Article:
Global financial markets are to deliver their first response to the decision of a major credit agency to strip the UK of its prized AAA credit rating today.
Senior Conservatives have rallied round Chancellor George Osborne in the wake of the decision by agency Moody's, predicting it will have little impact on the Government's borrowing costs.
But there are fears that sterling will be hit hard after it fell sharply against the dollar overnight in Asia.
Tory backbenchers also upped calls for tax and spending cuts to kick-start growth, warning that next month's Budget is the "last chance saloon".
Meanwhile, Labour reiterated its calls for borrowing to be increased in the short term to fund a fiscal stimulus.
Explaining its move on Friday, Moody's pointed to "subdued" growth prospects in the UK and a "high and rising debt burden".
It now expects the "period of sluggish growth" to "extend into the second half of the decade".
Business Secretary Vince Cable dismissed the downgrade as "largely symbolic".
The Liberal Democrat told the BBC's Andrew Marr Show: "In terms of the real economy there is no reason why the downgrade should have any impact.
"If you remember last year the US was downgraded, the economy grew strongly relative to Europe... and France had a downgrade last year, its interest rates that it borrows long term in the markets are only a little above ours.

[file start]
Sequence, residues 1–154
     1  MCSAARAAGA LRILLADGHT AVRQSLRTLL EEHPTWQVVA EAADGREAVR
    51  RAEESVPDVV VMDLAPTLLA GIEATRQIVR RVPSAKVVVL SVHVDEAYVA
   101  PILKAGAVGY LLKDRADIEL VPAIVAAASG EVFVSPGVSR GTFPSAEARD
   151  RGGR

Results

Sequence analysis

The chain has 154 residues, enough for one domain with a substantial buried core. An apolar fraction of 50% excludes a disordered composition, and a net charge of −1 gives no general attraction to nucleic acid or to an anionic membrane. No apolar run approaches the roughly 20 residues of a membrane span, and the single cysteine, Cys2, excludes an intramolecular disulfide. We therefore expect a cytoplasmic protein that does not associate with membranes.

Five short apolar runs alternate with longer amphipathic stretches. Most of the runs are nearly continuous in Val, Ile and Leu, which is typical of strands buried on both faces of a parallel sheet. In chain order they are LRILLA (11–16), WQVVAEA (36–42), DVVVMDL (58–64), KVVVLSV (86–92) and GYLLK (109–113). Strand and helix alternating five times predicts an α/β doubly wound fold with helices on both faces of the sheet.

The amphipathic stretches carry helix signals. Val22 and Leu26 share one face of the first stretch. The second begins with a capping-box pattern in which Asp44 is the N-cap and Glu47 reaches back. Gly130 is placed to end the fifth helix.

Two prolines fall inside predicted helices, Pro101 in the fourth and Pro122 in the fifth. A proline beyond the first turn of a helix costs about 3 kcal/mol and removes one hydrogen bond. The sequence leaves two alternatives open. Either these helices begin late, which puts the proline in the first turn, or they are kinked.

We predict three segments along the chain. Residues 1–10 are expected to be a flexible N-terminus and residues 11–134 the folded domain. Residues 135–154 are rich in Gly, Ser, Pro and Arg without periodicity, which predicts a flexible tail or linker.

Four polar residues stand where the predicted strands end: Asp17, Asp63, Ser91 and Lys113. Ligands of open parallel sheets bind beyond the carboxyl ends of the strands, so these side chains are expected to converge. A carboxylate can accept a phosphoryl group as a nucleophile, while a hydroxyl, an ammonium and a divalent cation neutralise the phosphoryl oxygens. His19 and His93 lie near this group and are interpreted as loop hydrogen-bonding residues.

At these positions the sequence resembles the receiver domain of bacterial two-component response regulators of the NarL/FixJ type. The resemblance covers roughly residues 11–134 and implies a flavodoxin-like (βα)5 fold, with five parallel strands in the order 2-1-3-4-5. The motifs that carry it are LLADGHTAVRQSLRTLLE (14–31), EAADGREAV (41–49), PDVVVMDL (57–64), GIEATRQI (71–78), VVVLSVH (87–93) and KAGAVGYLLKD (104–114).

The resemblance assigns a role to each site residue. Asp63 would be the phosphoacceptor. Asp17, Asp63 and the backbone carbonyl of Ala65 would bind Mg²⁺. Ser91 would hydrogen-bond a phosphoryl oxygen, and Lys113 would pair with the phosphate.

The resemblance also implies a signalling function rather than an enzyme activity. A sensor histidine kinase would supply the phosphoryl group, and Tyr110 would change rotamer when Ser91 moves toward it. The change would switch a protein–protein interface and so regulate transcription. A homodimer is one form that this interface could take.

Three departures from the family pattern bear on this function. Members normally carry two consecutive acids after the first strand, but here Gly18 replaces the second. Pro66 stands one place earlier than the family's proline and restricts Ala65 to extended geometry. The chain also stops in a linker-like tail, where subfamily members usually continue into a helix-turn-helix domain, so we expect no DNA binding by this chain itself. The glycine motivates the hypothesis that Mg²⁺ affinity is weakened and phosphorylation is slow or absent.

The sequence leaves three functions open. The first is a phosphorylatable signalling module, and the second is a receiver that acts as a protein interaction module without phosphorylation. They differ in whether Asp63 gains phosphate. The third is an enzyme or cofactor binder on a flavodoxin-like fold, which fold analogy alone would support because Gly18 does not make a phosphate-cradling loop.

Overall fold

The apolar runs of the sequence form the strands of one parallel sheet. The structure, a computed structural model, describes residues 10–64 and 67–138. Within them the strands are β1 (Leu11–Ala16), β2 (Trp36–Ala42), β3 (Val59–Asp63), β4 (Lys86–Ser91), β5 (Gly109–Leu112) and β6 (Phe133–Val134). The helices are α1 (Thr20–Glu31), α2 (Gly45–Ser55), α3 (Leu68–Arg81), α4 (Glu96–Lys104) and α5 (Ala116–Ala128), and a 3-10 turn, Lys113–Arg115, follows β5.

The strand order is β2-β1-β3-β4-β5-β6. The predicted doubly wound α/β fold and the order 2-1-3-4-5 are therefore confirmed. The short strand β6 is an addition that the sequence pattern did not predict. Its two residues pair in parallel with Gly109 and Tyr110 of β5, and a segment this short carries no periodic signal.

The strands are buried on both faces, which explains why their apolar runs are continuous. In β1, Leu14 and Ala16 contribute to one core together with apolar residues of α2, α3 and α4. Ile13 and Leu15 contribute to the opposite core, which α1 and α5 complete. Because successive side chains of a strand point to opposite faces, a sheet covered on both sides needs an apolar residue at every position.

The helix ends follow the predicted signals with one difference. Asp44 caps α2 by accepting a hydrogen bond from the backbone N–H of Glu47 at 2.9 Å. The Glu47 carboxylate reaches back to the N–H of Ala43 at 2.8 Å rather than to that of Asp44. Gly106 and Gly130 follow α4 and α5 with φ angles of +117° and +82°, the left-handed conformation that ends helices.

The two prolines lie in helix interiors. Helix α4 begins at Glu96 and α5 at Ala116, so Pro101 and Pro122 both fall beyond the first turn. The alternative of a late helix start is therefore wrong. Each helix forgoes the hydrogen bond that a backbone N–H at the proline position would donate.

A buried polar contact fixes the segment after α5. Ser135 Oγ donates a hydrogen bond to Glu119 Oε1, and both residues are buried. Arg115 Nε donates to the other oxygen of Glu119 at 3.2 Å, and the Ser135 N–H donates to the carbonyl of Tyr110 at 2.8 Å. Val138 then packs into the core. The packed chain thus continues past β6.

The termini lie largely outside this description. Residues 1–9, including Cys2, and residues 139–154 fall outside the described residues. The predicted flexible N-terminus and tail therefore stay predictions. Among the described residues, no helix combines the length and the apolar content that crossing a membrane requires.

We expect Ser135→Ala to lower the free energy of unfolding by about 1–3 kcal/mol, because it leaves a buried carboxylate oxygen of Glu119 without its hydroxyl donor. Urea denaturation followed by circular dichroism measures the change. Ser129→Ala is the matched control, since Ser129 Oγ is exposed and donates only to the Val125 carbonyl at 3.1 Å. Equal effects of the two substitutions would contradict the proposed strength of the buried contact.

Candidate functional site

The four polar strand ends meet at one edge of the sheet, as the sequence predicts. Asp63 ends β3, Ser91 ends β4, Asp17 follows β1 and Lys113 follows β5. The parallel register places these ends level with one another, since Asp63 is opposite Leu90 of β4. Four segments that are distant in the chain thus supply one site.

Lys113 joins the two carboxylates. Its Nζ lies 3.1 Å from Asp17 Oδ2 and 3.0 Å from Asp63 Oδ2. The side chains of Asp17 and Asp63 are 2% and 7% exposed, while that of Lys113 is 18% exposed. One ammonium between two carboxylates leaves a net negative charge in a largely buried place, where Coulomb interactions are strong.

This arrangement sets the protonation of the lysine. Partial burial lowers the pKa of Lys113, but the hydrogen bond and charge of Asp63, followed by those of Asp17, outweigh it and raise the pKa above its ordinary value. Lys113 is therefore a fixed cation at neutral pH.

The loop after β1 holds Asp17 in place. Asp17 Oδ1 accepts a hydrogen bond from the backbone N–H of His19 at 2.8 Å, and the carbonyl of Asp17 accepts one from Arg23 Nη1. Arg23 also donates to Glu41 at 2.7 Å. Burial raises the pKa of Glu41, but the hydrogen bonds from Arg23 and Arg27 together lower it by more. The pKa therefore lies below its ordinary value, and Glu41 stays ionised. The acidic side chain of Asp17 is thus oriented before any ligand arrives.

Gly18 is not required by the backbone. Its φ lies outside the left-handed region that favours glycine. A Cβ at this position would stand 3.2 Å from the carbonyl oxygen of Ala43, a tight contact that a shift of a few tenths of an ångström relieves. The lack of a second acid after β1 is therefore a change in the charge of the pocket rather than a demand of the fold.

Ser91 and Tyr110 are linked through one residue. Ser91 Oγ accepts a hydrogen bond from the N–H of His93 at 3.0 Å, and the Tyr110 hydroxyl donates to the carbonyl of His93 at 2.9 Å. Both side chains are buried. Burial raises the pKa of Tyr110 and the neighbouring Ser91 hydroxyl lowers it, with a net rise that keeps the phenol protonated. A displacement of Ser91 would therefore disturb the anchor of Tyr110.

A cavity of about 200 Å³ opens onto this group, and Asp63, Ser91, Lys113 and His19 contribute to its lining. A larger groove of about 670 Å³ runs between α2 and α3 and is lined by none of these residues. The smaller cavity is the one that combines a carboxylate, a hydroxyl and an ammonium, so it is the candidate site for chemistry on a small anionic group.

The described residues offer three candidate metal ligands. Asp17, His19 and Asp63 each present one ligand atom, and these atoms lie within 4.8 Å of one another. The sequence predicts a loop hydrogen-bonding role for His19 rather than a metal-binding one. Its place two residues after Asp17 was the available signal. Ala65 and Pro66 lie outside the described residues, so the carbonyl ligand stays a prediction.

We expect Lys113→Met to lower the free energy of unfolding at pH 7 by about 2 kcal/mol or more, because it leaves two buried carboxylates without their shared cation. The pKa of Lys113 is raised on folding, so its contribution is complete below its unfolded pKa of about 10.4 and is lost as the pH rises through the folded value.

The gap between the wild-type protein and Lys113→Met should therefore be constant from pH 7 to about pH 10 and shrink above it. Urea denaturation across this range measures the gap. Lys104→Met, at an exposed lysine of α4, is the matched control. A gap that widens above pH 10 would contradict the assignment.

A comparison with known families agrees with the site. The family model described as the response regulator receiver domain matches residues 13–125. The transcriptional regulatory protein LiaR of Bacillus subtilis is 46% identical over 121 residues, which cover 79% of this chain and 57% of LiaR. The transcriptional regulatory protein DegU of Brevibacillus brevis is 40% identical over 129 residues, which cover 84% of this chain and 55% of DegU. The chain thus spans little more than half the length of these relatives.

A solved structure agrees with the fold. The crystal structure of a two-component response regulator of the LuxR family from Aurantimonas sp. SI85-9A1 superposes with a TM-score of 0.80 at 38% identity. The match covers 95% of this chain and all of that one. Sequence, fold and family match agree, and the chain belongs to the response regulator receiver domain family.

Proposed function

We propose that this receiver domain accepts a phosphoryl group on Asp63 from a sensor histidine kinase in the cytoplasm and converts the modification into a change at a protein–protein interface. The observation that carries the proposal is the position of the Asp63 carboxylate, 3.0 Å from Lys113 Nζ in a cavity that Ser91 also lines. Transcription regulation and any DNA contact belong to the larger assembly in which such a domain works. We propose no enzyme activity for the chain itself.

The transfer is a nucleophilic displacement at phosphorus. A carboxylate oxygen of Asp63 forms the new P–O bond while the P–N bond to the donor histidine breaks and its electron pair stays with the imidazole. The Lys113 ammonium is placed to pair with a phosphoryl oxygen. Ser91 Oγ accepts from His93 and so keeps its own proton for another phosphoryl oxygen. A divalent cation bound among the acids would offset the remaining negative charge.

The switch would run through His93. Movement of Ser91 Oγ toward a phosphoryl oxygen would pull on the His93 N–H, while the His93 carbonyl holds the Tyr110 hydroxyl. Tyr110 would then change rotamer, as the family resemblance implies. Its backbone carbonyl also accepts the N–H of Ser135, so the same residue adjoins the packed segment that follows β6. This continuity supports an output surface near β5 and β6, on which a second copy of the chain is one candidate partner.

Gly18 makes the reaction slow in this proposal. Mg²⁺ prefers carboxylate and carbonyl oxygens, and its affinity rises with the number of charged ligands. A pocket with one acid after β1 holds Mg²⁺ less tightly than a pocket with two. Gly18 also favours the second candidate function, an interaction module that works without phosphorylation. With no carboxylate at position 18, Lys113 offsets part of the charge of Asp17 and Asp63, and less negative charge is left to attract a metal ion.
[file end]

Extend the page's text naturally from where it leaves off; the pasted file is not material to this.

"These things do not necessarily affect the real economy but they reflect the fact that we are going through a very difficult time and we are trying to balance the need to get the deficit and the budget under control with the need to get back to economic growth."
Tory former chancellor Ken Clarke warned it would take years to regain the top credit rating and return to "sensible economic growth".
But he said the coalition should "stick to" its policy, adding: "I think the way in which we will recover confidence is making clear we're a strong firm Government, that the strategy we're on is the one that is eventually going to get things better and that the alternatives frankly are a bit odd."
Former Conservative chancellor, Lord Lawson, insisted the "basic thrust" of the Government's policy was right, but he also warned that ministers and the Bank of England had to be careful not to trigger a run on the pound.
The peer told Sky News' Dermot Murnaghan programme: "I hope there won't be a run on sterling.
"I think it would be a very great mistake if anyone in the Government or Bank of England gave the impression we would like to see a further depreciation of sterling. That would not be clever, that would not be sensible, that would not be helpful."
Former Labour chancellor Alistair Darling said he had been "extremely doubtful" of the Government's strategy ever since 2010.
He told the Murnaghan programme: "I think that when they were elected they very unwisely staked their reputation on maintaining the AAA credit rating that they had, they compared us to Greece, they said they could eradicate the structural deficit by 2015.
"These were wildly optimistic claims and they were perhaps made because of inexperience and maybe a touch of recklessness.
"But the result is that they have sustained quite substantial political damage, but more importantly for the country the economic harm of yet another another blow to confidence. I think that is very, very important, they have been following the wrong economic strategy, but they are paying a very, very heavy price for it."
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